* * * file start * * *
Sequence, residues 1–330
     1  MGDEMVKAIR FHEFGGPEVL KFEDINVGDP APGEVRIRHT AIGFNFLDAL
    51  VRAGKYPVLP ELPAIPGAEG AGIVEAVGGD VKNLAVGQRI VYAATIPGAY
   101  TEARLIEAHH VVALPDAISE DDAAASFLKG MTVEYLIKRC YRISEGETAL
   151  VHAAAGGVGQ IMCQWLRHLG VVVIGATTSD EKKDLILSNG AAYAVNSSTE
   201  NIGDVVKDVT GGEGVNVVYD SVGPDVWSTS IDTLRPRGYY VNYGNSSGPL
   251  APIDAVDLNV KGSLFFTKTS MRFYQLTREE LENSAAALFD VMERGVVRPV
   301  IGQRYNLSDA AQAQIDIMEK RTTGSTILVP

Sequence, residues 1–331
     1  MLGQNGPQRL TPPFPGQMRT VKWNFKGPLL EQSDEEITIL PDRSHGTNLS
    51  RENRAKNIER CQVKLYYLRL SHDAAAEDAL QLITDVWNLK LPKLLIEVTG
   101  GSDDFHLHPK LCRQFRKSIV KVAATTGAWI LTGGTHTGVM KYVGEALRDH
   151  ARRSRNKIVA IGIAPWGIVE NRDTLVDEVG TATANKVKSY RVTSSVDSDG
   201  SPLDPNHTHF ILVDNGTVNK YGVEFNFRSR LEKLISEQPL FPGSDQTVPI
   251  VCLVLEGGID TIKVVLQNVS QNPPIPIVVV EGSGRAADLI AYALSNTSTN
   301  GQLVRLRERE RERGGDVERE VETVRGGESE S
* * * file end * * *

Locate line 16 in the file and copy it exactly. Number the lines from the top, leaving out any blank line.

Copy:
   301  GQLVRLRERE RERGGDVERE VETVRGGESE S